However, some individuals may experience mild side effects, including:
- Loss of coordination
- Mild stomach upset
What to Look for in BCAA Supplements
If you opt for a BCAA supplement, it’s important to note that not all supplements are created equal. Thanks to modern manufacturing, most BCAA supplements are loaded with additives, artificial flavors, artificial sweeteners, and food dyes—these are all things you’ll want to avoid.
So, what should you look for?
Whether you’re looking for BCAAs, pre-workout, or creatine supplements, the ingredient list should always be the first thing you look at. Not only do you want to ensure you’re actually getting the compound you need, but you want to ensure you’re not getting a bunch of other stuff you don’t need.
Always choose quality and cleanliness over everything else.
In a BCAA supplement, first check that it has branched-chain amino acids—the first ingredients on the label should be leucine, isoleucine, and valine. If you’re getting pure BCAAs, they should be the only ingredients on the label, whether in capsules or a BCAA powder. If you have a BCAA drink, you’ll likely see other ingredients (flavors, colors, etc.). Ideally, stay away from artificial flavors, sweeteners, and food dyes whenever possible, as they’ve been linked to things like cardiovascular disease, cancer, genotoxicity, and more.
- Amino Acid Ratio
You’ll want to look at the amino acid ratio before buying a BCAA supplement. Because leucine has the greatest effect on athletic performance, you’ll want a product that contains at least a 2:1:1 ratio of leucine, isoleucine, and valine.
The FDA doesn’t heavily regulate the nutritional supplements industry, so you’ll want to ensure the BCAA supplementation you’re buying is third-party tested for quality.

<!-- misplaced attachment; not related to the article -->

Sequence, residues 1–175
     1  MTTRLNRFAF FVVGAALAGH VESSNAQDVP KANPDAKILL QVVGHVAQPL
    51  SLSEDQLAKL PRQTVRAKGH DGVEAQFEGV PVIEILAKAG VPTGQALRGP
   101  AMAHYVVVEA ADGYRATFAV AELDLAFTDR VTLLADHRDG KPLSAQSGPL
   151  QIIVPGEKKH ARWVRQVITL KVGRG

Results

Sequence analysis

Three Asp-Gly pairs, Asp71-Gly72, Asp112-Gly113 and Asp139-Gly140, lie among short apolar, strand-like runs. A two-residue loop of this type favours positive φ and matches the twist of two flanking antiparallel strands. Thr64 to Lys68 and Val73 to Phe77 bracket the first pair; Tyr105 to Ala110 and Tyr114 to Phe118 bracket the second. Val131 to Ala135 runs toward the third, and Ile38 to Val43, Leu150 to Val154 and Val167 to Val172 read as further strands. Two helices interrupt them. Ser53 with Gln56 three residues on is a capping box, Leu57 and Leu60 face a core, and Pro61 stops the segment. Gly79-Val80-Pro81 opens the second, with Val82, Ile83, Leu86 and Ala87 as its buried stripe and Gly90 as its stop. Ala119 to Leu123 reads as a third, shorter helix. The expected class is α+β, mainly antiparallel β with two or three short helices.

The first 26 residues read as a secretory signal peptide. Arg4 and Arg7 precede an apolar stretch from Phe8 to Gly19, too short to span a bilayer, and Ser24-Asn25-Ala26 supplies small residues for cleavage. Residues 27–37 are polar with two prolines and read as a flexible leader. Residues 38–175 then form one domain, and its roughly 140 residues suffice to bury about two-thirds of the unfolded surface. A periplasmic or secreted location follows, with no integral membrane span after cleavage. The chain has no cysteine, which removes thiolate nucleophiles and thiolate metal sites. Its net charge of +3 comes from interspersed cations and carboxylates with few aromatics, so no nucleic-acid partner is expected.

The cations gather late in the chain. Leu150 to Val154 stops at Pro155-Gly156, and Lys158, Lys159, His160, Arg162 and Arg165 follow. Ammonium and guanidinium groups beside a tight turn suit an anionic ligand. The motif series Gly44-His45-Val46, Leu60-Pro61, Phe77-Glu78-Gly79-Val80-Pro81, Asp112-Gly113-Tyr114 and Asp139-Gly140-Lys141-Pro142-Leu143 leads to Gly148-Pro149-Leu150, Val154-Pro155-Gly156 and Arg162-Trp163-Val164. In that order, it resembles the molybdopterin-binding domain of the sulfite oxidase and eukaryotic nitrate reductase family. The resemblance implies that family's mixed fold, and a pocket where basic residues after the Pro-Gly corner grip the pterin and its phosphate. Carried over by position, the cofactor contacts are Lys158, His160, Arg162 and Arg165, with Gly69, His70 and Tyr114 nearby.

Third-party organizations like Informed Choice offer quality assurance that your supplement has been tested for prohibited substances and that the product was produced in an environment with quality systems appropriate for supplement manufacturing.
You can also look for the following certifications on BCAA powders:
- Good Manufacturing Practices (GMP)
- USDA Certified Organic
- U.S. Pharmacopeia (USP)
- Certified Vegan
If your supplement contains any of the above certifications, rest assured that it has been quality tested and contains ingredients safe for human consumption.
BCAA powders are one of the most popular fitness supplements that significantly benefit muscle mass retention and growth, recovery, and intra-workout fatigue. But if you’re buying a BCAA powder supplement, ensure you’re looking for a 2:1:1 ratio of leucine, isoleucine, and valine and that the product is third-party tested and certified safe.
Frequently Asked Questions
Do I need BCAAs if I take whey protein?
BCAA supplements aren’t 100% necessary if you consume enough high-quality dietary protein daily. Adequate protein intake is essential for people participating in moderate to vigorous physical activity to support muscle growth and recovery. Adding a BCAA supplement may offer additional benefits for muscle soreness and intra-workout fatigue that dietary protein doesn’t.
Can I take whey protein and amino acids together?
Yes! It is safe to take whey protein and branched-chain amino acids together. Many people take BCAAs and whey protein as part of their fitness protocol to support muscle growth and repair. Whey protein is a complete source of protein that offers all of the essential amino acids, so BCAAs are found in whey protein. However, a BCAA supplement will offer higher leucine, isoleucine, and valine ratios.
When should you take BCAAs?
BCAAs can be taken pre-, intra-, or post-workout. Taking BCAAs before a workout may offer benefits for attenuating DOMS and exercise-induced muscle damage (EIMD) caused by eccentric exercise. Taking BCAAs post-workout may support muscle growth and repair to help reduce soreness.
Should I take BCAA supplements every day?
Research has shown that BCAA supplements can safely be taken for up to two years in doses of up to 12 grams. Studies have shown that extended supplementation of over ten days is ideal for the beneficial effects. Some research shows that taking BCAA powder days to weeks before strenuous exercise may help to mitigate skeletal muscle tissue alterations by enhancing mitochondrial biogenesis and free radical scavenging capacities.
Do BCAAs help with fat loss?
BCAAs aren’t necessarily a weight loss supplement, but some research suggests that BCAAs can improve fat metabolism and muscle synthesis. One study found that weightlifters taking 14 grams of BCAAs daily lost 1% more body fat over eight weeks than those taking 28 grams of whey protein daily. The lifters taking BCAAs also gained 4.4 pounds more muscle than the other group.